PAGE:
Organization of the Petroleum Exporting Countries' (OPEC) crude oil production averaged 29.57 million barrels per day (b/d) in January, up 300,000 b/d from December and the highest level in more than two years, according to a just-released Platts survey of OPEC and oil industry officials and analysts. The month-on-month gain from December's estimated 29.27 million b/d came as a result of a significant boost in Iraqi crude exports.
Excluding Iraq, which does not participate in OPEC output agreements, the 11 members bound by quotas (OPEC-11) pumped an average 26.91 million b/d, up 70,000 b/d from December's 26.84 million b/d, the survey found. The OPEC-11 has operated under a 24.845 million b/d production target that's been in place since January 2009.
"The numbers out of Iraq are lending support to the declarations by BP that it is significantly increasing output at the Rumaila field," said John Kingston, Platts global director of news. "But it's not just that field, where production is said to be up by 150,000 b/d. The increase since August is more than 300,000 b/d, showing a more broad-based growth than just Rumaila."
Declines of 40,000 b/d and 20,000 b/d in Iranian and Nigerian production volumes partly offset increases totalling 130,000 b/d from Angola, Kuwait, Saudi Arabia, the United Arab Emirates (UAE) and Venezuela.
The latest increase in OPEC-11 volumes putsproduction 2.065 million b/d beyond the target and reduces compliance with the 4.2 million b/d of output cuts agreed in late 2008 to 50.8% from 52.5% in December.
OPEC production has been climbing in recent months alongside rising oil prices, which earlier this month climbed above $100 per barrel for the first time in two years and last week pushed above $103 per barrel as political unrest in Egypt escalated.
The group's most powerful producer, Saudi Arabia, boosted output to 8.4 million b/d in January after a 130,000 b/d hike to 8.35 million b/d in December, well above its notional quota of just above 8 million b/d.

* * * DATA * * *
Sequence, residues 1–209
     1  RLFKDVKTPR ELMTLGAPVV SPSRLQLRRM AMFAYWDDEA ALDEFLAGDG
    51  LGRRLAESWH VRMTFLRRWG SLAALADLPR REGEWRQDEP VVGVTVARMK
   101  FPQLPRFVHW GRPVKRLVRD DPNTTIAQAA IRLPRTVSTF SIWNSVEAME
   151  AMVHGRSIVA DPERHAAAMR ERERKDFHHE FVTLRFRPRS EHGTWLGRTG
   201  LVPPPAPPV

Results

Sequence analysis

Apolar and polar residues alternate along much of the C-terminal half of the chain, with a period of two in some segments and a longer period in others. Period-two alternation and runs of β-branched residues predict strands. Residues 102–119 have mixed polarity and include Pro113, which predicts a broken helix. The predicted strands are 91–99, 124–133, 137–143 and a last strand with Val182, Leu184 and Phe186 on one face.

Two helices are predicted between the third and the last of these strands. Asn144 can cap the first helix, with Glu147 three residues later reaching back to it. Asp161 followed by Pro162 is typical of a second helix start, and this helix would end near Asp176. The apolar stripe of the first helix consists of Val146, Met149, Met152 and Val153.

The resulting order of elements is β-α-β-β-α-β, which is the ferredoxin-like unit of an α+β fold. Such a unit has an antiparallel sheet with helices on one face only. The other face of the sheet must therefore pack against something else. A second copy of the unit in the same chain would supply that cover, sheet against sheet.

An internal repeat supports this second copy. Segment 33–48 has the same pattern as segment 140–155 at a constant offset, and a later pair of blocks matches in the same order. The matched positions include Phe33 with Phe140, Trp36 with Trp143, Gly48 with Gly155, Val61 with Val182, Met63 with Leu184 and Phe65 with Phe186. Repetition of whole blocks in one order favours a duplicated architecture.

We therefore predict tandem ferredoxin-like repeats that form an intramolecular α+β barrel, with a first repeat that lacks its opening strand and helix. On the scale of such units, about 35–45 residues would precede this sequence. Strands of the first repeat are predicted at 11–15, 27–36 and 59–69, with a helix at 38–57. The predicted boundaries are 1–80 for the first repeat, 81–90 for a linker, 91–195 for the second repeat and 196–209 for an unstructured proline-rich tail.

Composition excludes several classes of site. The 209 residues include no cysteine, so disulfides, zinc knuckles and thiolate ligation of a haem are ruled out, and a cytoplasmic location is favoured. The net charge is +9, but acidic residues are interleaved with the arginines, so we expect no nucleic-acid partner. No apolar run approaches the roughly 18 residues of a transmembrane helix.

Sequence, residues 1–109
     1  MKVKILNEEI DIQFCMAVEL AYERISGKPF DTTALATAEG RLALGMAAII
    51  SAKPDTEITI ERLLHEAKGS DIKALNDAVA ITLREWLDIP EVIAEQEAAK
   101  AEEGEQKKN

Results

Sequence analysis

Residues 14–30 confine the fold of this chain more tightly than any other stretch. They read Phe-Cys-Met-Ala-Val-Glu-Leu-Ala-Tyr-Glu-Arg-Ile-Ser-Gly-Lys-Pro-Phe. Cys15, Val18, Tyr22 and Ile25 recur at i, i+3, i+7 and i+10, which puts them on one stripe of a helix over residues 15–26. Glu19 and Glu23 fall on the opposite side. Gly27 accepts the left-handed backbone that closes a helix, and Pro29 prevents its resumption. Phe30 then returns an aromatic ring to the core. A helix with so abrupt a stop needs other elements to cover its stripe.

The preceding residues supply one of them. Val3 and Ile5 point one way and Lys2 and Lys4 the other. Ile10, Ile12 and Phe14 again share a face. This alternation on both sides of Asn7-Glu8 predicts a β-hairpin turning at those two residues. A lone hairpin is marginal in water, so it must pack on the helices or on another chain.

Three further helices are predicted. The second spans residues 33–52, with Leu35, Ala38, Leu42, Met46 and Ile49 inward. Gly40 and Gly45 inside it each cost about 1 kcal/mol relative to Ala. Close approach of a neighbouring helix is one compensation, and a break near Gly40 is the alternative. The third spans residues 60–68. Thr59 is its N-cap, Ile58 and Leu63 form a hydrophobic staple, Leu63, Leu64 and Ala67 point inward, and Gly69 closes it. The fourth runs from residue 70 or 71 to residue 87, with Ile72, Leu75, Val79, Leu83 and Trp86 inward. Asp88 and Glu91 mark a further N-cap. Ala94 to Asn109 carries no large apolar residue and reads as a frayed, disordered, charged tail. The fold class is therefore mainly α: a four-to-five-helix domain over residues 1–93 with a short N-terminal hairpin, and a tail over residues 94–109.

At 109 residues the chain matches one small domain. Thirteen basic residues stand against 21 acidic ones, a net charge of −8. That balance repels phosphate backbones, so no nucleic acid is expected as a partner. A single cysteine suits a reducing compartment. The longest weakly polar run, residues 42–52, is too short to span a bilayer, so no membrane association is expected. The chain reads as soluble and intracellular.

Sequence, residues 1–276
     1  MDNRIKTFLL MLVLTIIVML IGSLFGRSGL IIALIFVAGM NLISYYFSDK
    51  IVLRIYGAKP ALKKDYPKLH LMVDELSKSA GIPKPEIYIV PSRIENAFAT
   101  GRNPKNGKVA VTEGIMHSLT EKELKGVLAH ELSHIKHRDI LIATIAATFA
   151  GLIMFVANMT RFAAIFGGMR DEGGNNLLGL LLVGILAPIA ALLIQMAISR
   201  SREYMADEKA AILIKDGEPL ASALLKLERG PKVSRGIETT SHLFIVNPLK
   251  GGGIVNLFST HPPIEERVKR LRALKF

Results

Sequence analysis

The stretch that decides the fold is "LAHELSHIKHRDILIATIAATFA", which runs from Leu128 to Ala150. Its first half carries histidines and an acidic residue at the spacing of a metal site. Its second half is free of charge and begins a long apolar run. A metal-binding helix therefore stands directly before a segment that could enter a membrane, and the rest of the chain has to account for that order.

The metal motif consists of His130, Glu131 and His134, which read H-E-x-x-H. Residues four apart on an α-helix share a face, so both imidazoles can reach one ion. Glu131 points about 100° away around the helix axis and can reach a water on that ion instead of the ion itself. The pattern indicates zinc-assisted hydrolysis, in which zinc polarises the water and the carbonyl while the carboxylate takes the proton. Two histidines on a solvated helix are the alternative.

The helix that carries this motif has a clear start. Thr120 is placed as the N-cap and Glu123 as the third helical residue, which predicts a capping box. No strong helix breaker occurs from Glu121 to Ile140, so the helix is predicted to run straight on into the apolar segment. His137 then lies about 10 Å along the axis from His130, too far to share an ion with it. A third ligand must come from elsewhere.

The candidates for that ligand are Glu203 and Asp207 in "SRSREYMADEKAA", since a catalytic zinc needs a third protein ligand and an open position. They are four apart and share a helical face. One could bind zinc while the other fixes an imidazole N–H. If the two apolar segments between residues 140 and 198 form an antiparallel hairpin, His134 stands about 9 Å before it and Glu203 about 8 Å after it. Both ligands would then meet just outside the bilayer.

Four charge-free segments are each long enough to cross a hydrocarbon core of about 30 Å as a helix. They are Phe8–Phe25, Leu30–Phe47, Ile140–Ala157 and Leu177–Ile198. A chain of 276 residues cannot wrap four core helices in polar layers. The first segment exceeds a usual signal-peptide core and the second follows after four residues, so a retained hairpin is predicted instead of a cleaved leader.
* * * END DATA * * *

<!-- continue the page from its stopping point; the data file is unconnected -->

At present, it remains unclear whether higher production volumes from Saudi Arabia have been exported or used internally where power station demand has been high.
On February 7, a senior Gulf source said Saudi Arabia was ready to supply more oil to the market but only if there was demand from its customers. This source said the market currently was in "good shape" and that the recent spike in global oil prices to their highest levels in 28 months had not been driven by supply/demand fundamentals.
Brent crude futures have risen by as much as $13 per barrel since OPEC's December meeting in Ecuador, but top OPEC officials have insisted that this has had little to do with supply or demand factors.
OPEC's current president, Iranian oil minister Masoud Mirkazemi, said last weekend that he saw no need for OPEC to call an extraordinary meeting, prior to the next scheduled meeting in Vienna in June, even if the oil price were to rise to $120 per barrel. He said he had received no requests from members for a special meeting.
But the Gulf source said on February 7 that Saudi Arabia was keen to hold informal consultations with other OPEC members on the sidelines of the upcoming February 22 ministerial meeting in Riyadh of the International Energy Forum.
Platts' survey data shows that Iraq production, at 2.66 million b/d, was the highest output level since November 2001, when volumes were estimated at 2.8 million b/d. Exports were up by more than 200,000 b/d, reflecting rising production as a result of field work by international oil companies. In particular, the increases are attributed to higher output from the giant Rumaila field, which is being developed by BP and China's CNPC, and the Zubair field, being developed by a consortium led by Italy's Eni.